“We believe that there is sufficient differentiation between MLT and MIT in terms of asset type, geography and tenant profile, and they are both operating at a meaningful scale individually with promising growth prospects in their respective sectors,” Mapletree Logistics Trust said in answers to questions from shareholders ahead of an extraordinary general meeting (EGM) this week.
The shareholder question followed Mapletree Commercial Trust and Mapletree North Asia Commercial Trust announcing at end-December a plan to merge into Mapletree Pan-Asia Commercial Trust in a S$4.22 billion deal, creating one of Asia’s top-10 largest REITs with assets across Singapore, South Korea, China, Hong Kong and Japan.
Mapletree Logistics Trust is holding an EGM on 13 January for shareholders to approve the acquisition of 16 properties, including 13 in China and three in Vietnam, and the issuance of new shares to partially finance the deals.
In response to a shareholder question about acquiring assets in China amid the government’s regulatory crackdown, Mapletree Logistics said the clampdown appeared focusing on sectors such as technology, gaming, education and property, and appeared prompted by efforts to curb monopolistic market activity, improving data security and ensuring “common prosperity.”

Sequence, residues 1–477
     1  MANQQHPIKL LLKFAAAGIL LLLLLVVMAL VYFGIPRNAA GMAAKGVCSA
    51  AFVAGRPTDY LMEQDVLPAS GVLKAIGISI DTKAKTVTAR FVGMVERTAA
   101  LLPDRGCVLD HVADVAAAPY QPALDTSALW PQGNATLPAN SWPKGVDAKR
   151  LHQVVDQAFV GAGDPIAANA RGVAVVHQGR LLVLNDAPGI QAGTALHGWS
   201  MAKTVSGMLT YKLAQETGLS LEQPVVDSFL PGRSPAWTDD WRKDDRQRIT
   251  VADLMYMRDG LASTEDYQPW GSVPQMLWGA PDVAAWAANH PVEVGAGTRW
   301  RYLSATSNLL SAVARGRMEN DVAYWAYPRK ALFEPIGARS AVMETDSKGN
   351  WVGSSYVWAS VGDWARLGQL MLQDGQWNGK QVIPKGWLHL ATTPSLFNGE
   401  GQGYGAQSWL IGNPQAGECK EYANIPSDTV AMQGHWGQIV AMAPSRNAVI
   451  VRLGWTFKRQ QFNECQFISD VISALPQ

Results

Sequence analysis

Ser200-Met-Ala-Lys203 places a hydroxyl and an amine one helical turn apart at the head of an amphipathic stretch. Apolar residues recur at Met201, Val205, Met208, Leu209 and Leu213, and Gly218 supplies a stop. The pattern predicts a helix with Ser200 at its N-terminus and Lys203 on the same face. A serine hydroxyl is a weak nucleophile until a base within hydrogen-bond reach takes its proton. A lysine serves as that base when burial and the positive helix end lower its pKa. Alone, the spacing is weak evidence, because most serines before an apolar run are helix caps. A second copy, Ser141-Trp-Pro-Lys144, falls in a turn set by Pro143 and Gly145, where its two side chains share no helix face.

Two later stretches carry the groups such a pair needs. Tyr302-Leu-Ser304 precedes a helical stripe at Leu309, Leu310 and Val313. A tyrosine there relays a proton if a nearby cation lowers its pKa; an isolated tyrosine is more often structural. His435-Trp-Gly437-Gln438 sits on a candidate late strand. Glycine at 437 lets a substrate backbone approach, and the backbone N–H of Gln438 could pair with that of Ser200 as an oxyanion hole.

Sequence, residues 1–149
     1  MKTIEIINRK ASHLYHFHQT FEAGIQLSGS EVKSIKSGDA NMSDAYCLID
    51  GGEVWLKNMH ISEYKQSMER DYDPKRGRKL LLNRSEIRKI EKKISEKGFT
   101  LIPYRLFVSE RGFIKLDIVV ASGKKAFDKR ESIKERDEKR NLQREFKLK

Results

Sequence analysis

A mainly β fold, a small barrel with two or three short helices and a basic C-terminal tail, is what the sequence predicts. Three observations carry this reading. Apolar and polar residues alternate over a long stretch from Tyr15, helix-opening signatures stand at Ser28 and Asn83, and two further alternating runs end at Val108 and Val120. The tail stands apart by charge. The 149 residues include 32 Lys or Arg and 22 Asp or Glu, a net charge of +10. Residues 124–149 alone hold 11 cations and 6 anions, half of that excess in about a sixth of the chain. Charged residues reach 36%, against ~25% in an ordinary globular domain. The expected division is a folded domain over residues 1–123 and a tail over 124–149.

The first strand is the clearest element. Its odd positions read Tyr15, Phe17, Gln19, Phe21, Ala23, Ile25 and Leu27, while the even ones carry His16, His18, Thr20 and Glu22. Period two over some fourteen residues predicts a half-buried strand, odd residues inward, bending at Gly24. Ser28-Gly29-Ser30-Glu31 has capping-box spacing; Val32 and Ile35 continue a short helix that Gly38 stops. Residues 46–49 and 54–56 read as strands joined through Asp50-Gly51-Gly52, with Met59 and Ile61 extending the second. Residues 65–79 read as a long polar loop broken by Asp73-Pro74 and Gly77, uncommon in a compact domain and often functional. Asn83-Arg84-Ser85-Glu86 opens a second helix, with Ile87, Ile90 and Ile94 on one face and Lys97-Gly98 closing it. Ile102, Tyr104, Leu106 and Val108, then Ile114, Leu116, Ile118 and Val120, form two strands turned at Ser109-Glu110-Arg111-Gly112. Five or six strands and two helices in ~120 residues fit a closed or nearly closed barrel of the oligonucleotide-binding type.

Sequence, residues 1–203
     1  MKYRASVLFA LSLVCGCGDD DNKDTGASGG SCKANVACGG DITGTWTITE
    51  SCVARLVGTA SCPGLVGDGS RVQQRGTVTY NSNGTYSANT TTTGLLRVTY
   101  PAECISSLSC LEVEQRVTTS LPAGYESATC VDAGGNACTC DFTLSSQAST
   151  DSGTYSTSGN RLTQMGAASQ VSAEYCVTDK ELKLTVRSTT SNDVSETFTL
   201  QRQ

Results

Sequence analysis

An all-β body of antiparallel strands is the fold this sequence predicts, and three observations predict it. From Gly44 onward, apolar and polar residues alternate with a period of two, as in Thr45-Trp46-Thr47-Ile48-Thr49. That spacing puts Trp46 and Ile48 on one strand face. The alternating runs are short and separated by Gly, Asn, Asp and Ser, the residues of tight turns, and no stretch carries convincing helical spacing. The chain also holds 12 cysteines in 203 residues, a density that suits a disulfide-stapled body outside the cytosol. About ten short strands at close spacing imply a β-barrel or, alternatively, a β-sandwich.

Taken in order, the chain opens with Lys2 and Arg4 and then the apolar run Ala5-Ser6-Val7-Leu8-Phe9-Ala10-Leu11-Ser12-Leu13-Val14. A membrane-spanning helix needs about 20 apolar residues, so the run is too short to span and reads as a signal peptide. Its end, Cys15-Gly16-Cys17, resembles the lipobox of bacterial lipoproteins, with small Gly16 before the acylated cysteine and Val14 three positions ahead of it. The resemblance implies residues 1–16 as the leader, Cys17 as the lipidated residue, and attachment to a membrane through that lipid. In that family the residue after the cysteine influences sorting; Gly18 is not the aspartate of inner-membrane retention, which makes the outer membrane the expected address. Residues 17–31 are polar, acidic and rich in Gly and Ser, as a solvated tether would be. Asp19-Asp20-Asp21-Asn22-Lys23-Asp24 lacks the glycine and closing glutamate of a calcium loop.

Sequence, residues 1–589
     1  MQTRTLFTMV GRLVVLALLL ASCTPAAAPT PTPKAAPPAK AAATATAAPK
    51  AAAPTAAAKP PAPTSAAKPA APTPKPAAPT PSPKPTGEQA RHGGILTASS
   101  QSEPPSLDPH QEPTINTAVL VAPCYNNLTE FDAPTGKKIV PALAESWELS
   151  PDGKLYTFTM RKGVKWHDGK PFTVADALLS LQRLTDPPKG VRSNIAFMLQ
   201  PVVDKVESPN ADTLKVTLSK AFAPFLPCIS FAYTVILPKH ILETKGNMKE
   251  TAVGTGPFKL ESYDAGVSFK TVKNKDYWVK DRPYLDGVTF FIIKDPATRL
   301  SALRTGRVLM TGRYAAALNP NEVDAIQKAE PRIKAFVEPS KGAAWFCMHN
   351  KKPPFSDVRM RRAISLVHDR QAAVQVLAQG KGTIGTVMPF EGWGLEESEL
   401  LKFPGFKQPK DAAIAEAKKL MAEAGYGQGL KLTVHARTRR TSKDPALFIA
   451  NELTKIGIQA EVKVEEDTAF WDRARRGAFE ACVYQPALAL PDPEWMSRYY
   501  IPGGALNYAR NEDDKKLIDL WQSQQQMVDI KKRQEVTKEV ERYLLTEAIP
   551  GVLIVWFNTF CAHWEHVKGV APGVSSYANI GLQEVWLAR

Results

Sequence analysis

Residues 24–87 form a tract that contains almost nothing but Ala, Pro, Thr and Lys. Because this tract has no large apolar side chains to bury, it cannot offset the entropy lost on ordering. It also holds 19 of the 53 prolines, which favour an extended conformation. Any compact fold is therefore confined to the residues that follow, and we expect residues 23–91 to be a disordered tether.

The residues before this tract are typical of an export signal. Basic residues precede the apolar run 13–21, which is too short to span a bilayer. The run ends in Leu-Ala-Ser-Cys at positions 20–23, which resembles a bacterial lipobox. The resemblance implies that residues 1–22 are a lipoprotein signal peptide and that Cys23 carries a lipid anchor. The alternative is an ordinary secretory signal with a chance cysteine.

“The manager believes that the logistics sector has not been disadvantaged by the government’s regulatory tightening actions and that infrastructure and logistics hubs development have always been top priorities on the national agenda. They often receive strong government support as they help promote economic growth and urbanisation, especially for the less developed areas,” Mapletree Logistics said.
The trust added that the China acquisitions will expand its presence on the mainland to capitalize on favorable market trends and to capture growth opportunities.
A shareholder also expressed concerns about China’s zero-Covid strategy and how it might affect growth.
Mapletree Logistics pointed to the properties’ Grade A specifications were a benefit in a market with a relatively limited supply of Grade A facilities.
“We believe the long-term fundamentals of the Chinese logistics sector remain compelling, driven by urbanisation and domestic consumption growth, including e-commerce, which underpins the strong demand for Grade A logistics facilities,” the trust said. “In addition, higher e-commerce adoption and a greater emphasis on supply chain resiliency due to the pandemic have led to stronger demand for modern logistics facilities.”